This article has provided definitions related to sustainable design, described current initiatives, and discussed motivations related to healthy indoor environments. It has also offered sustainable health care design strategies, such as site planning, clean transportation, water conservation, healthy materials selection, and indoor environmental quality, and discussed the benefits of sustainable design. It has concluded by sharing a variety of resources nurses can use to create healing environments in health care settings. The tools and resources identified in this article can assist nurses in using their power as nurses to engage in this transformation of the health care industry with the goal of creating healing environments and reducing the environmental impact of the health care industry.

Authors

Robin Guenther, FAIA
E-mail: rg@g5arch.com

Robin Guenther, Fellow, American Institute of Architects, is principal of Guenther 5 Architects, a twenty-person, New York City firm with extensive experience in health care design. Her work has been published nationally and internationally in magazines such as The Architectural Review, Interior Design, Contract, Architectural Record, and Healthcare Design. Last year Robin was awarded The Center for Health Design’s Changemaker Award for her efforts to continuously improve and support change in the healing environment. She is a Co-Coordinator of the Green Guide for Health Care and serves on the Leadership in Energy and Environmental Design (LEED) for Healthcare Committee. She is currently completing her first book, "Sustainable Healthcare Architecture," to be released in 2007 by Wiley and Sons.

Anna Gilmore Hall, RN, BUS, CAE
E-mail: agilmorehall@hcwh.org

Anna Gilmore Hall, is the Executive Director of Health Care Without Harm (HCWH), an international coalition of over 440 organizations in more than 50 countries, working to transform the health care industry. HCWH’s vision of the health care industry is one which does no harm and is committed to preventing disease and promoting the health of people and the environment. To that end, it is working to implement healthy and ecologically sound alternatives to health care practices which pollute and contribute to disease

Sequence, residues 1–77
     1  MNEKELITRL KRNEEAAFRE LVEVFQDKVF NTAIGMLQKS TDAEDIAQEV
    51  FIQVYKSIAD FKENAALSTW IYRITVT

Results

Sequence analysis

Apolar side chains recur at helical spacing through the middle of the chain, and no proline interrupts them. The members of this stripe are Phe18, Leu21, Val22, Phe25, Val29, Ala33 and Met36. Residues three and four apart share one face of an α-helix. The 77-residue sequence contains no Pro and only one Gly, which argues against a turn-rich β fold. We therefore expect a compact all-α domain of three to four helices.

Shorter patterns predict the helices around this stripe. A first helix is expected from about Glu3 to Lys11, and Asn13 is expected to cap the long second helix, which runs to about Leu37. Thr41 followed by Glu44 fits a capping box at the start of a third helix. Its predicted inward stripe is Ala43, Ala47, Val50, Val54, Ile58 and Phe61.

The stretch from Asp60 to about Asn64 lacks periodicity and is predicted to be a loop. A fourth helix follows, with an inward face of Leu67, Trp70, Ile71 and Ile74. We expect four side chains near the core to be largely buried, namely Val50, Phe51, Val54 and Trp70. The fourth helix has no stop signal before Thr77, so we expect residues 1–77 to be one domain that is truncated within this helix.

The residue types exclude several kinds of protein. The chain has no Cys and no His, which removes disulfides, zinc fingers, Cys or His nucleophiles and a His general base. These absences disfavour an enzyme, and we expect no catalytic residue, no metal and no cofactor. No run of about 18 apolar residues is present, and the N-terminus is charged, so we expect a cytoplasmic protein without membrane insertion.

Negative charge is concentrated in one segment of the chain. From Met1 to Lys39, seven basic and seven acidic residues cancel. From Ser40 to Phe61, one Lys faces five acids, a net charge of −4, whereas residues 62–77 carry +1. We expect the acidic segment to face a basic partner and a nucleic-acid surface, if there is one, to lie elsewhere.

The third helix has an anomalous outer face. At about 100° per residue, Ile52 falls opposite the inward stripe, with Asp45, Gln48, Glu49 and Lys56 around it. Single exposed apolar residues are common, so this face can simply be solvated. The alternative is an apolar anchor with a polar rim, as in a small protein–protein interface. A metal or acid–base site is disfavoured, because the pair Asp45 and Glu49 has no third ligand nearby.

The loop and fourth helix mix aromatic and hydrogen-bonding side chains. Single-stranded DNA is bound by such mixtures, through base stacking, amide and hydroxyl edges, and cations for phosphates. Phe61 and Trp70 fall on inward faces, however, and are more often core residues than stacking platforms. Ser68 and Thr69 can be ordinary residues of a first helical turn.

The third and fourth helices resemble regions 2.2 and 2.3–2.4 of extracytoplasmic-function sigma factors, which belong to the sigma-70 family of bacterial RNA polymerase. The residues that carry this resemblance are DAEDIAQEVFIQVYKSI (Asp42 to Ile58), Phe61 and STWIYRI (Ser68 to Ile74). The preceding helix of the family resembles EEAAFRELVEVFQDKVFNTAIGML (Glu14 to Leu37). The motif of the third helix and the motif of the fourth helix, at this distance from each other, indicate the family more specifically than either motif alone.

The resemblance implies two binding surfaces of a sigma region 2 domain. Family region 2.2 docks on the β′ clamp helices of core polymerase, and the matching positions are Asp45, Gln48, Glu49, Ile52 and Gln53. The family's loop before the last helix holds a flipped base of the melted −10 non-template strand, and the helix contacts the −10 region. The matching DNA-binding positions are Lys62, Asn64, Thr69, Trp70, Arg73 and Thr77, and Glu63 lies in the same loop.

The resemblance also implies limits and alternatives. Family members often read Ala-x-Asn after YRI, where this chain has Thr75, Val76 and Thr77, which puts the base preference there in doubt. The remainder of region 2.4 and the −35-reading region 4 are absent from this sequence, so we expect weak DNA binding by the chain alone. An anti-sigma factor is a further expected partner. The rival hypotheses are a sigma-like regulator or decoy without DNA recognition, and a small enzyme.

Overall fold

Prior to joining the HCWH staff, she was the Director of the Center for Occupational and Environmental Health at the American Nurses Association where she was responsible for developing and implementing environment policy issues for the largest nursing organization in the United States. She is a nursing luminary, a nurse creatively and strategically improving people’s health by improving the health of the environment and providing leadership to promote systemic change. She serves on several health care boards and advisory committees, and is Chairperson of the Board of Directors of Hospitals for a Healthy Environment (H2E) and the editorial board of CleanDesign magazine. Anna has received certification (CAE) in association management from the American Society of Association Executives

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© 2007 OJIN: The Online Journal of Issues in Nursing
Article published May 31, 2007